During the above-mentioned exchange among experts, money mule scenarios as well as Continuous Due Diligence (CDD) requirements to protect merchants were mentioned as frequent use cases for FRAML. INFORM has also identified another use case and developed a software solution for telecommunication service providers in mobile money, where customers use their phones as a ‘bank account’ for financial operations, like registrations, logins, financial transactions, or loan requests. In this field, best practice AI-based solutions on one end-to-end platform integrate fraud prevention, AML compliance, and credit management throughout the customer journey. For example, when a new customer signs up for registration, the AI performs customer segmentation and risk scoring based on various input data, but at the same time scans the customer against watchlists and sanction lists. Comparable integration of fraud-related and compliance-related evaluations has been implemented for the entire customer lifecycle and happens in real time dynamically triggered by each new action a customer takes.

While FRAML presents undeniable advantages, it's not without its regulatory hurdles. Financial institutions must navigate a labyrinth of compliance requirements, some of which can inadvertently impede integrated approaches. This is one of the main reasons why processes of this kind have not yet become a universal standard in the banking sector. But seamless integration of fraud detection and AML is not only an organisational issue, albeit also a technological one. And at least in this area, there are already clear answers to the question of which technology effectively promotes FRAML.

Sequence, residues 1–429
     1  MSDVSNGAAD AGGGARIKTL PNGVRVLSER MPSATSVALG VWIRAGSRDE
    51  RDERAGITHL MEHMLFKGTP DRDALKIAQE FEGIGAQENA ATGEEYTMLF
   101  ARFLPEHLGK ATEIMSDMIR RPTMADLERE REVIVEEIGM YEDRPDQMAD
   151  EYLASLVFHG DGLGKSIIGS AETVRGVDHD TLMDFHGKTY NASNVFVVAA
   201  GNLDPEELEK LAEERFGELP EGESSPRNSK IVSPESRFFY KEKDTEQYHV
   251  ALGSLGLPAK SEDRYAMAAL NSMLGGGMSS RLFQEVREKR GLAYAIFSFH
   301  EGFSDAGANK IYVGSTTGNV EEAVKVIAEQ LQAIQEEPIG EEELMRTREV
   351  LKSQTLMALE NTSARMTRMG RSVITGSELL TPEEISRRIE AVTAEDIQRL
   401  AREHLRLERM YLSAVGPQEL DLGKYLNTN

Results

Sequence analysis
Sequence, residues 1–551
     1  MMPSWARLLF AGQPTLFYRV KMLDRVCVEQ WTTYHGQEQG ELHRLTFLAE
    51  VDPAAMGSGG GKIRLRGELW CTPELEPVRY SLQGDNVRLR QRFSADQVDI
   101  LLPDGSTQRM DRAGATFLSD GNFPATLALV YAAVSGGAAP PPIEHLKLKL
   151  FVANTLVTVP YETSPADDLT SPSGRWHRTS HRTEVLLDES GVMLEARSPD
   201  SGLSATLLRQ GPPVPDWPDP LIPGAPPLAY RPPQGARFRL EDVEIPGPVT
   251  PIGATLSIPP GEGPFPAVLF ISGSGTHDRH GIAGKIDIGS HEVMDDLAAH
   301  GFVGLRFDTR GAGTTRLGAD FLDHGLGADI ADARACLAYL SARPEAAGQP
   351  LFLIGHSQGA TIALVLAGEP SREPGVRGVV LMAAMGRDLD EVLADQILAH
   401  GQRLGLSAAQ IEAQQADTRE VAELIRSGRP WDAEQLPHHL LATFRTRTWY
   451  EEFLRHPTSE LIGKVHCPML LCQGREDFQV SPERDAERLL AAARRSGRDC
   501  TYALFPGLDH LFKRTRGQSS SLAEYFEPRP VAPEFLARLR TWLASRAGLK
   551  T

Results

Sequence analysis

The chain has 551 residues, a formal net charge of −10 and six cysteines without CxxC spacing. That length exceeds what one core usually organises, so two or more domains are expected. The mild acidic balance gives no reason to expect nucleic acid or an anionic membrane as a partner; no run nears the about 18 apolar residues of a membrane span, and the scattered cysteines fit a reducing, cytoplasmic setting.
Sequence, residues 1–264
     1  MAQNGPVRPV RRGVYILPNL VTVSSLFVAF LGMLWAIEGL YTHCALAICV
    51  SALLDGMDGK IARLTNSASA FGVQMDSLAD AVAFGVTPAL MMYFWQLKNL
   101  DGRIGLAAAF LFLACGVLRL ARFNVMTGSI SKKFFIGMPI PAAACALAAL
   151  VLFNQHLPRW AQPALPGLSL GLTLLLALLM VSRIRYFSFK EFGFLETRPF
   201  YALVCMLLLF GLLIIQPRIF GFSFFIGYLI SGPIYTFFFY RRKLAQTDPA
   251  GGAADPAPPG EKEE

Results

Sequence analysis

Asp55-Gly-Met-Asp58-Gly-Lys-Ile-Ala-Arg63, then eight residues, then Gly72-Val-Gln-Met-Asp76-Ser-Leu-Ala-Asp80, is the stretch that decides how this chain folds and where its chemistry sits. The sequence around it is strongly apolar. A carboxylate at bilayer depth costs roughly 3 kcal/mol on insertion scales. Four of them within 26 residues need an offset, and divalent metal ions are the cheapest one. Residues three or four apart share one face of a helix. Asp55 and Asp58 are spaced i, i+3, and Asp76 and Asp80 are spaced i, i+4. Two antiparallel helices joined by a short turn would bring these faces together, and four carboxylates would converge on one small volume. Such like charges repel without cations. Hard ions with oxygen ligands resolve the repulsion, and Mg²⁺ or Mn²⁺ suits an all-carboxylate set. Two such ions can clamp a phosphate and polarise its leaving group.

Technological innovations driving FRAML

At the heart of this evolution – again – stands AI, particularly an approach called Hybrid AI. This technology combines the decision-making process of classical knowledge-driven AI techniques (e.g., Fuzzy Logic or dynamic profiling) with the adaptive, learning capabilities of data-driven techniques (e.g., Machine Learning). In the context of FRAML, this means that systems are not just rule-followers; they can now become rule-makers. They analyse vast datasets, learn from them, and identify hidden patterns of fraudulent activity and money laundering that would escape human analysts or conventional rules-based systems.